But perhaps what I appreciate most is the relationship between the Canada and the U.S. as seen from the Canadian perspective. The United States makes a show of egalitarianism and partnership, but its every action is about profit and economic control: politically (the U.S. has moles all over CSIS and has bribed politicians in every level of government), privately (the machinations of an American-owned multinational has very troubling ties to American intelligence) and criminally (just as Mary uncovers the corporate conspiracy, Jimmy finds American drug gangs moving over the border and trying to muscle into the Vancouver street business). The series was cancelled before these storylines could be fully played out, but Haddock and his collaborators had already laid in persuasive suggestions that all of these powers were intertwined at some level, and they all shared a common purpose. CSIS was a small fish taking on the sharks in the intelligence community, but it was taking them on and making headway with a mixture of tenacity, a show of international cooperation and good luck. If it wasn’t completely convincing, it made for a nice underdog story in a completely convincing portrait of Canada’s international position in world politics and economics.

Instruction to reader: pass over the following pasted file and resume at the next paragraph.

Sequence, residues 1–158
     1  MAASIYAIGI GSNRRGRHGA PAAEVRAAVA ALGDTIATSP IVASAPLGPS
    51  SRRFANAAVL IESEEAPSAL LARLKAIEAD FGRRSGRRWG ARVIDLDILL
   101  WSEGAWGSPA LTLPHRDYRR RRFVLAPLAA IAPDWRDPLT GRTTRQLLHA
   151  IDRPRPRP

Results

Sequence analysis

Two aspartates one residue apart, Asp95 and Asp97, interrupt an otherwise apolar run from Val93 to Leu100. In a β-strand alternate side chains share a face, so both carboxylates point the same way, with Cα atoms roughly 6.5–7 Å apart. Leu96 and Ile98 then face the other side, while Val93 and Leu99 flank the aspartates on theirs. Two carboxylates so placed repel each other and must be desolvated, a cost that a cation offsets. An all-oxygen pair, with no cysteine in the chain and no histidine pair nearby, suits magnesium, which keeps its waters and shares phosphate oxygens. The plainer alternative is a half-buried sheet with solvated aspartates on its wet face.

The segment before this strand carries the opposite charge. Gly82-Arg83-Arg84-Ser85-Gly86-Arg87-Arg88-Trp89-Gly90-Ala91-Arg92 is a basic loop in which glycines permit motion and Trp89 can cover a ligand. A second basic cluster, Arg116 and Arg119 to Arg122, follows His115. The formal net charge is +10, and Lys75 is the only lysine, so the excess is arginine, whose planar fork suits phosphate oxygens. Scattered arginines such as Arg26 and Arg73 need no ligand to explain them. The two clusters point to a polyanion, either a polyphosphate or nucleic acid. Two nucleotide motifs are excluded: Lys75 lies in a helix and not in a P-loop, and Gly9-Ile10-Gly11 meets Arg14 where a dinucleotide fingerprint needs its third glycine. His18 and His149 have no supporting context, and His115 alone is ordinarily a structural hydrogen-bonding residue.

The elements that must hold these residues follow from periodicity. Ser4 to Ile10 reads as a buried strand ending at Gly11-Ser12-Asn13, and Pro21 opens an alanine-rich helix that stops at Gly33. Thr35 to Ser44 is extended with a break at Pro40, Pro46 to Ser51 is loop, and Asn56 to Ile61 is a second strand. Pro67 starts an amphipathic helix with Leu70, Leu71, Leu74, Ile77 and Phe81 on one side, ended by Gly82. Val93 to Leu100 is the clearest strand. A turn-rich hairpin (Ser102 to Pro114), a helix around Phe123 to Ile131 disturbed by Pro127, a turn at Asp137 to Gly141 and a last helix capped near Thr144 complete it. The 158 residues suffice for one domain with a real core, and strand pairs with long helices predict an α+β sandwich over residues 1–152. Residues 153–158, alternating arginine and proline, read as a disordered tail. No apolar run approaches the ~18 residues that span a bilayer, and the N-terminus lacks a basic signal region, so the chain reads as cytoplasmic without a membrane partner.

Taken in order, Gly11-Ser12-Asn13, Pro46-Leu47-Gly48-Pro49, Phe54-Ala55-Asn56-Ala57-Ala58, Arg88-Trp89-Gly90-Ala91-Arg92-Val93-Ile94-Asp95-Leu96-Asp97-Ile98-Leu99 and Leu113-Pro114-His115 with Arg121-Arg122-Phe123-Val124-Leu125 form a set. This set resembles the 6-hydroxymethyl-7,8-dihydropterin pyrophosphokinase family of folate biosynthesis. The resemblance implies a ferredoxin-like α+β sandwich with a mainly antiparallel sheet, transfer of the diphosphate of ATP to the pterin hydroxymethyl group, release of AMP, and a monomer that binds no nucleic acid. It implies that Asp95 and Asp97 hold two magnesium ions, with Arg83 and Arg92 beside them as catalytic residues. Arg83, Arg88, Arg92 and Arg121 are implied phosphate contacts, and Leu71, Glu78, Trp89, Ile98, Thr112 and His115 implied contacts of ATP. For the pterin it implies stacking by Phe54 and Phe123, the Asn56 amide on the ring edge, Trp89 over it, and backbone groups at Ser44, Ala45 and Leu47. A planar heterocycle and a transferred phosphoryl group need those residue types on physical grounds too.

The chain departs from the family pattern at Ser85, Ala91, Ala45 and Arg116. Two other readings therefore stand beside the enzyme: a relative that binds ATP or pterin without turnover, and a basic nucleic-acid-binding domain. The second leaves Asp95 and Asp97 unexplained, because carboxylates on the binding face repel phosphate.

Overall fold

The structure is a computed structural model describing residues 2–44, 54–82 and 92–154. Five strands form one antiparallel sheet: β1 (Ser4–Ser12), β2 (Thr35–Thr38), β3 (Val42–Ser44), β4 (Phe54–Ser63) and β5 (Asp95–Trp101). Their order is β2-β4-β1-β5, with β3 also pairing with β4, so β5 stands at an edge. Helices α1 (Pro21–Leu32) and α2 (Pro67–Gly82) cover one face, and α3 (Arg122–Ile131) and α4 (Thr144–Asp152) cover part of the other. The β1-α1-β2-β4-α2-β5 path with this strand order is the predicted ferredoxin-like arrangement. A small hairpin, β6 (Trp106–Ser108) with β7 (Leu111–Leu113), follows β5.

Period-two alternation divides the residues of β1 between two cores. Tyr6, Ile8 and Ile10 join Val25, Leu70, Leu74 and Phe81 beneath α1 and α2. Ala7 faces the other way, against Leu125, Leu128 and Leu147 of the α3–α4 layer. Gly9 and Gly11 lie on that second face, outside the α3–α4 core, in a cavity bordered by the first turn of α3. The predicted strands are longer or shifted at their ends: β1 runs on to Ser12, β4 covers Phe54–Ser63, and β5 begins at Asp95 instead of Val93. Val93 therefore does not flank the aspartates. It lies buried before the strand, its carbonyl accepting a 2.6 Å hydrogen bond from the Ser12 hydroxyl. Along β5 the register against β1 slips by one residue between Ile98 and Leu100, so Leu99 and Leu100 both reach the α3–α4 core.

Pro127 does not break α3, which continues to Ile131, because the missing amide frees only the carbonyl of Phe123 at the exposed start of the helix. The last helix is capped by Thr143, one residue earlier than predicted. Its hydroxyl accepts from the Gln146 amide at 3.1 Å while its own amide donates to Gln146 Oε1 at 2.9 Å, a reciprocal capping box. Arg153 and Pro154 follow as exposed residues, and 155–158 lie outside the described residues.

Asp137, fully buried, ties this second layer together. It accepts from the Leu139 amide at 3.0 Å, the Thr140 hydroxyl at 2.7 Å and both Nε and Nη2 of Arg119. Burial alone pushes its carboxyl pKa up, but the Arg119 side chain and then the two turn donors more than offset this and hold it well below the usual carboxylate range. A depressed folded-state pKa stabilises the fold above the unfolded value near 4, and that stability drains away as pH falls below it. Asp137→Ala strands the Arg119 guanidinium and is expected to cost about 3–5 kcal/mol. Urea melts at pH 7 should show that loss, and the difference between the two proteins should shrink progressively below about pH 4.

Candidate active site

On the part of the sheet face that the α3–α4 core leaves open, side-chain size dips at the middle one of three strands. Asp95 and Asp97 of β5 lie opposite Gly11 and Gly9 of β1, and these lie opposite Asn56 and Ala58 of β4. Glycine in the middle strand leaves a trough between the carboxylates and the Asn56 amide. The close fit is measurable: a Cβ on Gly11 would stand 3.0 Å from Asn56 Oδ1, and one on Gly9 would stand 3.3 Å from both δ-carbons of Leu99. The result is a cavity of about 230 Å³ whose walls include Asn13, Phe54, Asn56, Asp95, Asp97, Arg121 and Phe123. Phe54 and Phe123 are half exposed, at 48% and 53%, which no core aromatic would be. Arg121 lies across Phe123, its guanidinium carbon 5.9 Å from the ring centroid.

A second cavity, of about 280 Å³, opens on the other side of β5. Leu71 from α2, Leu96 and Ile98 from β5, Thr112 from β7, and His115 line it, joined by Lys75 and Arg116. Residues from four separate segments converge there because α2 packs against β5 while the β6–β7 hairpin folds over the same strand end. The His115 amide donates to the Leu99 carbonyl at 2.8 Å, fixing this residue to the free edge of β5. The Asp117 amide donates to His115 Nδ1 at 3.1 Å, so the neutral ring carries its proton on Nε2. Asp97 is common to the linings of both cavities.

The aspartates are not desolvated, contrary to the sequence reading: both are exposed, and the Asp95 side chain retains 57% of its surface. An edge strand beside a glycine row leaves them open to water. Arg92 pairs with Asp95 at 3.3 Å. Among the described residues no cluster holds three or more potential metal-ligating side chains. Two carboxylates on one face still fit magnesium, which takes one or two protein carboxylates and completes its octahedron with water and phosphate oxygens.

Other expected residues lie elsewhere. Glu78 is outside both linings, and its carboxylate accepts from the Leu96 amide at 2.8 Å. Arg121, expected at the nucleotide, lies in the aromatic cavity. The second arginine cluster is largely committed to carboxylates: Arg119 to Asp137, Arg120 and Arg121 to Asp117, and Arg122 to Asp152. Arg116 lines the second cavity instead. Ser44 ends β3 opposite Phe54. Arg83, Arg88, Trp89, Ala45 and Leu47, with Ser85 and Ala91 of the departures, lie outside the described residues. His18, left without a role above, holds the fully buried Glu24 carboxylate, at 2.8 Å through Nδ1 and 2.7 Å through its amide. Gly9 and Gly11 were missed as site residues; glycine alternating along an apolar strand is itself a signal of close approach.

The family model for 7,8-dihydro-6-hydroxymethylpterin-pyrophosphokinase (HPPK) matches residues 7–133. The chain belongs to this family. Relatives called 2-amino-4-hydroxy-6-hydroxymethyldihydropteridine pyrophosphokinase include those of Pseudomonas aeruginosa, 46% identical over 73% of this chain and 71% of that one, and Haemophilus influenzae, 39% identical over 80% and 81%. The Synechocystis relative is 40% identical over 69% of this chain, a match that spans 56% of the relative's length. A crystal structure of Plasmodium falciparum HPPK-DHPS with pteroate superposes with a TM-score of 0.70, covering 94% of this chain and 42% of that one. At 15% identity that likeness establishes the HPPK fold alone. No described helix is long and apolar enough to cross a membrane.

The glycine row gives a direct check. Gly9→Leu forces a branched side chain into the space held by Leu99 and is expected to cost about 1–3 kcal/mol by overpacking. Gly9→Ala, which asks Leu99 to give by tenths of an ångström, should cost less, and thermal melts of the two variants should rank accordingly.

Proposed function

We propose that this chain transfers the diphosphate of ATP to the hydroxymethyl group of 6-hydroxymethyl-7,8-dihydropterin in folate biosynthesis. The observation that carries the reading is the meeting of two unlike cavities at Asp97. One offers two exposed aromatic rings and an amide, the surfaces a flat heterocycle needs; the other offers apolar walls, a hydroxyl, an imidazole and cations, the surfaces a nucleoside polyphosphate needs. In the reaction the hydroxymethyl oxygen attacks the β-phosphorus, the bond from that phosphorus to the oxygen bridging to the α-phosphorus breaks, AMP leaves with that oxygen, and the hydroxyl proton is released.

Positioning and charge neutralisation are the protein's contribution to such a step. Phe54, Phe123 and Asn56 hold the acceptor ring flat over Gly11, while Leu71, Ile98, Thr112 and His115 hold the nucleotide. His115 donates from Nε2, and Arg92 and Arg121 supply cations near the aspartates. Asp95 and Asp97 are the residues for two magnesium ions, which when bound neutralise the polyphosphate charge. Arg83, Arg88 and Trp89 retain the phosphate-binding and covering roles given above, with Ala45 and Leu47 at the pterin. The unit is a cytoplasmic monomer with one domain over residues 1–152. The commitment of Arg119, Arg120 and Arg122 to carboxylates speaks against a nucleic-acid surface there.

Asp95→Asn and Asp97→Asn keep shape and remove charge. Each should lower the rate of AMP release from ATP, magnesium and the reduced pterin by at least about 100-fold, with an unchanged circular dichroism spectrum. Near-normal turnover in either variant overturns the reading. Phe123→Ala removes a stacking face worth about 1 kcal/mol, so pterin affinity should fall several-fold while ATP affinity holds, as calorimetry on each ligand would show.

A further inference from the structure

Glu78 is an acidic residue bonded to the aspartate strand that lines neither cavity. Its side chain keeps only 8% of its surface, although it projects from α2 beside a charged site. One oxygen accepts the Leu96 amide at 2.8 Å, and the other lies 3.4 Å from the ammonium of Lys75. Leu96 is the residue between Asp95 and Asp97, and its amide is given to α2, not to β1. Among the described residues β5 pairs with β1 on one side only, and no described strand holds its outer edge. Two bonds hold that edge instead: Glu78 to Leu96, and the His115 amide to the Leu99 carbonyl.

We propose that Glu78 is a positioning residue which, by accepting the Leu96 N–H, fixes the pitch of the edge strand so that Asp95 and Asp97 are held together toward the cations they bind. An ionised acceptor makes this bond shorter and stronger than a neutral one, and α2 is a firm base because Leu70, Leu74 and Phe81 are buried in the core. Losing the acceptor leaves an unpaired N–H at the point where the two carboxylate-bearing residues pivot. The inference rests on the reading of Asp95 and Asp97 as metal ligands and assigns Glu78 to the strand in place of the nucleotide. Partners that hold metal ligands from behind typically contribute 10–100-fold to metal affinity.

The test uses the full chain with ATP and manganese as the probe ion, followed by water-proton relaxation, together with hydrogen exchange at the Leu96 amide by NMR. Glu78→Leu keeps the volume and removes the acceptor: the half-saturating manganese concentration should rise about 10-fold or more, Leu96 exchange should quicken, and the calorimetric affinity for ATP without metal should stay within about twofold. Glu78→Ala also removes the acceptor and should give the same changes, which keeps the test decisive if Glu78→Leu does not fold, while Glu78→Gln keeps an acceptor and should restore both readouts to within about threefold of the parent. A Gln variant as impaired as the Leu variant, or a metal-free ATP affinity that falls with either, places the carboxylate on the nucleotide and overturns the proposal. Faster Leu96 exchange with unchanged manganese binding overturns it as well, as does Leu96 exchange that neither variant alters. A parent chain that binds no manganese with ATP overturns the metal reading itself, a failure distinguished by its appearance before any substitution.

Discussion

Intelligence ran for two seasons on Canadian TV, a mere 25 episodes that came to an end at the end of 2007. It won a handful of Canadian awards, and deservedly so. Acorn brought the series stateside in a pair of DVD box sets and it’s gripping viewing thanks to sharp writing that transforms what could be the mundane details of communication and diplomacy in both the streets and the political arena into a complex web of feints and threats and power plays. It’s more The Wire than 24, admittedly not as ambitious or sprawling or dense with characters and stories, but just as methodical and full of shades of gray and levels of compromise on both sides of the law. And at the heart of it all is the tricky symbiotic relationship between Jimmy and Mary.